Tokyo Medical University, one of the most prestigious medical schools in Japan, recently admitted to skewing the results of its entrance exams in order to admit less women. While women’s scores were decreased to below the cutoff line, the scores of several men were manipulated to increase by as much as 49 points. Subsequently, the 2018 school year saw the admission of 141 males and 30 females – meaning that 8.8% of male applicants were accepted compared to the mere 2.9% of female applicants.
This practice stems from the notion that women should drop out of their careers early to raise their children, forcing women to feel as if they must choose between becoming mothers and having paying jobs. Consequently, it ignores those who don’t have or want children while perpetuating a dangerously sexist culture that has been rooted in Japan for centuries.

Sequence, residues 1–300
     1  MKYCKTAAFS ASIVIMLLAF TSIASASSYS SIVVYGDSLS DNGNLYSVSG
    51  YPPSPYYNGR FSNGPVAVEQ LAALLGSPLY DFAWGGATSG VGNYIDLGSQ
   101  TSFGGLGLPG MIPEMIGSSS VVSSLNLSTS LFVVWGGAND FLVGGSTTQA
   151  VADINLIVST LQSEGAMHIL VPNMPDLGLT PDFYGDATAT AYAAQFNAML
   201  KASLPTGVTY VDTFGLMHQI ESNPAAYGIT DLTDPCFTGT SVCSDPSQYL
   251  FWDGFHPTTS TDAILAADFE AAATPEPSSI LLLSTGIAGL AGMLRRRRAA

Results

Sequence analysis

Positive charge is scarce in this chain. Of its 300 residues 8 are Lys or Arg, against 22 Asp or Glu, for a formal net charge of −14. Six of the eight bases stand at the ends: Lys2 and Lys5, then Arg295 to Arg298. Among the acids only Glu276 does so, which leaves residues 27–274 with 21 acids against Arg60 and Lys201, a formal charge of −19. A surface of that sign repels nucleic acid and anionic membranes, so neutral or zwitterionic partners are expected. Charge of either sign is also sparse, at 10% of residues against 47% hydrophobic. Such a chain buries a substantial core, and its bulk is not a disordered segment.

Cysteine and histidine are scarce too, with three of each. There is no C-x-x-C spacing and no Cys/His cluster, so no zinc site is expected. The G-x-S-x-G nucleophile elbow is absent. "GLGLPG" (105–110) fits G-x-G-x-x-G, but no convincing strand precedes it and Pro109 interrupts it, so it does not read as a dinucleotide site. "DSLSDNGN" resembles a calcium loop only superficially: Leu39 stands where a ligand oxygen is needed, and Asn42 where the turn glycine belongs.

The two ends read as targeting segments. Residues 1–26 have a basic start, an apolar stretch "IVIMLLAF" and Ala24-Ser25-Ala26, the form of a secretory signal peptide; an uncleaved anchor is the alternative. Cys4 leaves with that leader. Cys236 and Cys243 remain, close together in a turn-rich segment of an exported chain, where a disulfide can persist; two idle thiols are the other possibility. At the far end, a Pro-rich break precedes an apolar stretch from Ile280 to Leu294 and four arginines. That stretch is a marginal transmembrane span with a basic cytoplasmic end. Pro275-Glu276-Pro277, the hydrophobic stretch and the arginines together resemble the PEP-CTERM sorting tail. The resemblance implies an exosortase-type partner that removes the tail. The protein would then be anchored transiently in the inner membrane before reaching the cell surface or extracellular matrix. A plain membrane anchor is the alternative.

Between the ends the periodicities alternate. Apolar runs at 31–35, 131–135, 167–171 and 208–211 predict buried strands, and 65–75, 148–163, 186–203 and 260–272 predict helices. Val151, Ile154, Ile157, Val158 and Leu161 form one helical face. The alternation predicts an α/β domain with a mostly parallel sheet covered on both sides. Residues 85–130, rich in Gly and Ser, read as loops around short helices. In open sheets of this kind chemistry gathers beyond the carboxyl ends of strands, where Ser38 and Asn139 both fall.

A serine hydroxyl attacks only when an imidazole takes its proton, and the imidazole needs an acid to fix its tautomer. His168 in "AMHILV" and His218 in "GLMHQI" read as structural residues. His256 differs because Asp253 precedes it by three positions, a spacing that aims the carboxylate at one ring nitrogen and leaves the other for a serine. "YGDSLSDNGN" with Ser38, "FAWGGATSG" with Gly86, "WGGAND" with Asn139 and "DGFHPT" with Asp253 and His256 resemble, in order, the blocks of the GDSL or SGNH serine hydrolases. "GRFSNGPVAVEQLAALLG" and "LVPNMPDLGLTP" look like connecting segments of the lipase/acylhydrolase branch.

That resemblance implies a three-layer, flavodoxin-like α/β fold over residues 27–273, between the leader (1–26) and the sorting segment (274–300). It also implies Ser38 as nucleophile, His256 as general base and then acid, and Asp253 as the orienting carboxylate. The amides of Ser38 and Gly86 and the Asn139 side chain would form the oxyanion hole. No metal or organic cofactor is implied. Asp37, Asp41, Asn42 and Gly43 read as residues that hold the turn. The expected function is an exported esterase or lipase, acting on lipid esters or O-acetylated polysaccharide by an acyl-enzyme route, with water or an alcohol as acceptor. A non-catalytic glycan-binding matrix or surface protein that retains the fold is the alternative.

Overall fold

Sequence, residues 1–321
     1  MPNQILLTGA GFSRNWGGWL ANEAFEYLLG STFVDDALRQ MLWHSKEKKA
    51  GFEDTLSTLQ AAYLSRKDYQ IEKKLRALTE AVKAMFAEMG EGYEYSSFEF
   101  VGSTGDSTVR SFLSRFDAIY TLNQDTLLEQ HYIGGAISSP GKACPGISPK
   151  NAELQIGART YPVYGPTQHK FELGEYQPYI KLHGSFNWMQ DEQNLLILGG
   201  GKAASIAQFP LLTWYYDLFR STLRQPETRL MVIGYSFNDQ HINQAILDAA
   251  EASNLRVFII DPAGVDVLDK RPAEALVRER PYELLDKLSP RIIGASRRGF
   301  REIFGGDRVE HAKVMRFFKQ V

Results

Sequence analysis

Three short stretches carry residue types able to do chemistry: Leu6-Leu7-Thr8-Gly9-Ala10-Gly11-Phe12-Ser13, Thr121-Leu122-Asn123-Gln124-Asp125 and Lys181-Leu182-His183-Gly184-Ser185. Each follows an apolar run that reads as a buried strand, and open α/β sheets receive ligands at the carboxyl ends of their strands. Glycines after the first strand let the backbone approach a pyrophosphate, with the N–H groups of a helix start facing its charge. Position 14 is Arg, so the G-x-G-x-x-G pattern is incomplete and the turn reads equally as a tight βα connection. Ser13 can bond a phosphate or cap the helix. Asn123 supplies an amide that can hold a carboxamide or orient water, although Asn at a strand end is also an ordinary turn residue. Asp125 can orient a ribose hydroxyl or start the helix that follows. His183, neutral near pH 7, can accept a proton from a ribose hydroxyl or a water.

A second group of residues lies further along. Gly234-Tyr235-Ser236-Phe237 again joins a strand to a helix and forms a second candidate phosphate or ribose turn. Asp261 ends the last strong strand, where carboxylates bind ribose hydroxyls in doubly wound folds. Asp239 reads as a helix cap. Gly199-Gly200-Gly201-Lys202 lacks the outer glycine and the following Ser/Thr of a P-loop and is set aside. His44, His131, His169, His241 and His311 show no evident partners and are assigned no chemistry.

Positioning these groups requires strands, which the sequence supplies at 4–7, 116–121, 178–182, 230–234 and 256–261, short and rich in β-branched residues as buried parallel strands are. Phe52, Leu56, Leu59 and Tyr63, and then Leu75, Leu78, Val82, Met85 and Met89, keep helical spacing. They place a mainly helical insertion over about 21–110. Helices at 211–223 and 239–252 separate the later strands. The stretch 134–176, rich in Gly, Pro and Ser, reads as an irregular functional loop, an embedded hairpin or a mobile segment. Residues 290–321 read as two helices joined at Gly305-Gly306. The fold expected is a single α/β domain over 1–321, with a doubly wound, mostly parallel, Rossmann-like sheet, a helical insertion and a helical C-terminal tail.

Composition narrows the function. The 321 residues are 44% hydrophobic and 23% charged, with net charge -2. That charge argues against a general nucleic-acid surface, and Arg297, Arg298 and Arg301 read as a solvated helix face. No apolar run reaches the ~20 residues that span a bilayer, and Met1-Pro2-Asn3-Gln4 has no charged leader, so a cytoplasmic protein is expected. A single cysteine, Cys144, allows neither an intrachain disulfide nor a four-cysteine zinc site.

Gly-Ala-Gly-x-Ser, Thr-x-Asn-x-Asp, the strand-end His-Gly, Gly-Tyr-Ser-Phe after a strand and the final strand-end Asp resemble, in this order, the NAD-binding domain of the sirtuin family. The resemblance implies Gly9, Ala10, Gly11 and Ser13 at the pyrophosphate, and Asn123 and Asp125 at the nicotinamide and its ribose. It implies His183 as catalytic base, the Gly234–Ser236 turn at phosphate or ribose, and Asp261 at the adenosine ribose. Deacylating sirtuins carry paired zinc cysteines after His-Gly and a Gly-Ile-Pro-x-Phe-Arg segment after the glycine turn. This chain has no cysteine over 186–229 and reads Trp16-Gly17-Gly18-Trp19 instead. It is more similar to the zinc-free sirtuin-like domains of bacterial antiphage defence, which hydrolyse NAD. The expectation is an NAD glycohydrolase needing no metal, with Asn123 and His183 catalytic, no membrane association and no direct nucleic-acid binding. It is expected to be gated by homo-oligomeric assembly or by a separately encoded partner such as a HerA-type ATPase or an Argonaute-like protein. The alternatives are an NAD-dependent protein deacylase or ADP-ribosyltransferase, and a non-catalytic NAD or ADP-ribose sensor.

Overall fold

According to Elaine Lies, a reporter for Reuters, the university assumed that accepting too many women would “lead to a shortage of doctors at the university hospital” due to their supposed duty to focus on family life. However, they didn’t take into account that turning too many women away would result in an investigation into all Japanese medical schools by the Japanese Education Ministry.
Is an investigation enough to permanently alter Japan’s deeply rooted sexism?
In her interview with NPR, Elaine Lies mentioned that the discrimination at the university had been happening since 2006 – twelve years of systematic oppression. Twelve years of women that were wrongfully turned away and men that were unfairly boosted. Twelve years of sexism that had been shoved under the rug. Hopefully, the Education Ministry’s investigation of Japanese medicals is indicative of the future – that there won’t be twelve more years of this unfair practice, and that Tokyo Medical University and other schools will soon learn that women can excel in their fields if they are given a chance to do so.
All they need is an equal opportunity.